The murmur of the snarkmatrix…

August § The Common Test / 2016-02-16 21:04:46
Robin § Unforgotten / 2016-01-08 21:19:16
MsFitNZ § Towards A Theory of Secondary Literacy / 2015-11-03 21:23:21
Jon Schultz § Bless the toolmakers / 2015-05-04 18:39:56
Jon Schultz § Bless the toolmakers / 2015-05-04 16:32:50
Matt § A leaky rocketship / 2014-11-05 01:49:12
Greg Linch § A leaky rocketship / 2014-11-04 18:05:52
Robin § A leaky rocketship / 2014-11-04 05:11:02
P. Renaud § A leaky rocketship / 2014-11-04 04:13:09
Jay H § Matching cuts / 2014-10-02 02:41:13

Why Are Most Online Games About Genocide?

Raph Koster, one of the designers behind the Star Wars: Galaxies MMORPG, has a really excellent post up on his blog:

We shape the player experience by the verbs we provide. Right now, the only way to interact meaningfully with our fantasy worlds is at the edge of a sword, and through the barrel of a gun.

It’s true. Not that online games should be Sesame Street scenarios… but come on, do they all have to be bloody crusades?


Well, they all don’t have to be… Take World of Warcraft, for instance. There’s nothing to prevent you from learning a trade or craft and doing that for your character class instead of adventuring and/or slaughtering.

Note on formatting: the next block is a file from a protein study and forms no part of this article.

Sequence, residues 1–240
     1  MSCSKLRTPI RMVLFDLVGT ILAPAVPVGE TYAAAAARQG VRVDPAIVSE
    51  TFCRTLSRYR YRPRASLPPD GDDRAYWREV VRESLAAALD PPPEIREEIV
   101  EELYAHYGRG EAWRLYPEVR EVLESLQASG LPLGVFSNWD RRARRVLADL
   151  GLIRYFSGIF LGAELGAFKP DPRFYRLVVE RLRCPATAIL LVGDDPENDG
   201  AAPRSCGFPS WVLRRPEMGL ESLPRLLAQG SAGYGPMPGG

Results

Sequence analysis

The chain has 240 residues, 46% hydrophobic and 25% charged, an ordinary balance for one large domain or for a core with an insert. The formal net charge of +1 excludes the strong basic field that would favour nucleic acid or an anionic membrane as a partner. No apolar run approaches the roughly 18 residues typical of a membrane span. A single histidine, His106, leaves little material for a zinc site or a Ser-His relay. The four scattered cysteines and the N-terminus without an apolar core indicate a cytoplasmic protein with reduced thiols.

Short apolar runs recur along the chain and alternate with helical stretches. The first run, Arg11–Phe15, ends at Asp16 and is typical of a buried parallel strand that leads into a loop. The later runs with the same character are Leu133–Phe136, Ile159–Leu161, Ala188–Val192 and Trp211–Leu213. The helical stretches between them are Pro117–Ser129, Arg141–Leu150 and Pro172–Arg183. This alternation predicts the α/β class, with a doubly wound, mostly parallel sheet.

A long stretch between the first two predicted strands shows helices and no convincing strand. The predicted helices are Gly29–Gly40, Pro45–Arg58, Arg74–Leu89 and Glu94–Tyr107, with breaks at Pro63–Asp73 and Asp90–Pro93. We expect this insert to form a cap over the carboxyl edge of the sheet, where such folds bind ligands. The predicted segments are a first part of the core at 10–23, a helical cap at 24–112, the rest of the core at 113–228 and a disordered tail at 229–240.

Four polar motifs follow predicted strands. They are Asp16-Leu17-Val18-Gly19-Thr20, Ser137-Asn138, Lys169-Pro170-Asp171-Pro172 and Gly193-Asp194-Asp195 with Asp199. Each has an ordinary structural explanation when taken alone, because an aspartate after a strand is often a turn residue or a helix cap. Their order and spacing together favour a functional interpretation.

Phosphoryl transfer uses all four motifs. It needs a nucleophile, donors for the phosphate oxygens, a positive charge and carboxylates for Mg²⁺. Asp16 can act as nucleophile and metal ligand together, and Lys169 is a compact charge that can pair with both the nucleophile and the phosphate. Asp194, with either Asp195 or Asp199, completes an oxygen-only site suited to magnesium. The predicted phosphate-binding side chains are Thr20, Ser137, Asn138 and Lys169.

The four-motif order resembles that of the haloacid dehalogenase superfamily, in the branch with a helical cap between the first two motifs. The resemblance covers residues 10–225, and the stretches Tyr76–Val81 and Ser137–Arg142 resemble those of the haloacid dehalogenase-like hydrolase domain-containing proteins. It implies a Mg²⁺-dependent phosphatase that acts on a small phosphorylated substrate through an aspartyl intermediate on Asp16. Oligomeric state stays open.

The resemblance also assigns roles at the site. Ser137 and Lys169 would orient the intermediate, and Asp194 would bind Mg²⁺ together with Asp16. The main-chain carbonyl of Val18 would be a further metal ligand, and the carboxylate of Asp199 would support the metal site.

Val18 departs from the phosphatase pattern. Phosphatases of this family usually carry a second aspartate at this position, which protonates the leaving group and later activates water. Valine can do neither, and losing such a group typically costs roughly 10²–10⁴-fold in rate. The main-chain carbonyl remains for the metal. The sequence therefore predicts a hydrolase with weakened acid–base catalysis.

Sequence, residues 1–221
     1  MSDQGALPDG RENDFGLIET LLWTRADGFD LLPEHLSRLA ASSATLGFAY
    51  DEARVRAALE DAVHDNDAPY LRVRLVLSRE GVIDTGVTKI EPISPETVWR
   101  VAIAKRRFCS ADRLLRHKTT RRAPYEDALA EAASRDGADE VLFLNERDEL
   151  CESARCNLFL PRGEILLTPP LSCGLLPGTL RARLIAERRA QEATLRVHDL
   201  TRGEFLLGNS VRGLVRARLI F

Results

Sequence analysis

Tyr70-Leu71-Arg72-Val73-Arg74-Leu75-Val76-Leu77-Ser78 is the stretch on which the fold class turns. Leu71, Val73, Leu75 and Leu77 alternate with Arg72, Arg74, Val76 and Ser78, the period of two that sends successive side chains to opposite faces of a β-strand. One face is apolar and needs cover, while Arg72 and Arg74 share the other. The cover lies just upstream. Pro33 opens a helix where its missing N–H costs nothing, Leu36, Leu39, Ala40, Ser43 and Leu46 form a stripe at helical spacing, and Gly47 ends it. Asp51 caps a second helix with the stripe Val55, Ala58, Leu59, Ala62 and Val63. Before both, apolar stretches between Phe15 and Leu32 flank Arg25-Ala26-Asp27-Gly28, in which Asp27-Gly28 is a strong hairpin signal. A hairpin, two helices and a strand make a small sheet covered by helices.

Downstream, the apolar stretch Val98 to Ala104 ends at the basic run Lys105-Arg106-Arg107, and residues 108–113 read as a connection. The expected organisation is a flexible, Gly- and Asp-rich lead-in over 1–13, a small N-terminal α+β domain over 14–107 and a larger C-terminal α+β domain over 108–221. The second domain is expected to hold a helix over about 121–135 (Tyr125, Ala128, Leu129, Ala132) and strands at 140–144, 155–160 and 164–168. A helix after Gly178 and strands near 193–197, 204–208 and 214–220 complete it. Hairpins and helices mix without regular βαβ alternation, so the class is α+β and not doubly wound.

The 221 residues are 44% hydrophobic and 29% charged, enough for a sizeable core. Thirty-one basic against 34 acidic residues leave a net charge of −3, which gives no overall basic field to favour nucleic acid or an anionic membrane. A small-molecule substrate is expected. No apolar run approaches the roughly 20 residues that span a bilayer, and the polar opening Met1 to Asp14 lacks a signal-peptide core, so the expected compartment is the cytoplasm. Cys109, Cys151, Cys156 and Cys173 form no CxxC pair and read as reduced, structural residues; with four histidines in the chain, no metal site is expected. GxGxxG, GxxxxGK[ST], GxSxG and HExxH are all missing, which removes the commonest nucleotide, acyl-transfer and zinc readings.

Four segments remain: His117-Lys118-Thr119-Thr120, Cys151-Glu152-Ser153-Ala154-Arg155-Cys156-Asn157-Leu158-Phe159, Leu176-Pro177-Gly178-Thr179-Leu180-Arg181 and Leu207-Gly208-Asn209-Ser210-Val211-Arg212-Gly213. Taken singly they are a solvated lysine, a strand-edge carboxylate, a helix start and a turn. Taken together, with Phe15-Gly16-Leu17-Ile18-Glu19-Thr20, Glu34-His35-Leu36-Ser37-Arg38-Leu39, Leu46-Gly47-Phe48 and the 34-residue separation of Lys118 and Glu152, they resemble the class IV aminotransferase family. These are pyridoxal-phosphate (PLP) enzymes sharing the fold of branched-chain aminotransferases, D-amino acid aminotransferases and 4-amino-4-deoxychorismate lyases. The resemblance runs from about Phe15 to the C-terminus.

That’s true, but that activity still takes places in the context of a huge world-spanning conflict between two sides — two sides, I should add, that cannot even TALK to each other in the game. Bitter, endless struggle is hard-coded into the game.

Now, on some (fairly significant) level I appreciate the design — Blizzard is just doing their best to set up a situation that is exciting, fun & interesting.

But on another level I do wish there were some alternatives to the “world at war” scenario — other high-end MMORPGs with different priorities.

Because war is a force that gives us meaning or something, innit?

This is an awesome Raph Koster post. It’s long, and I’m totally not into MMORPGs, but I was into this.

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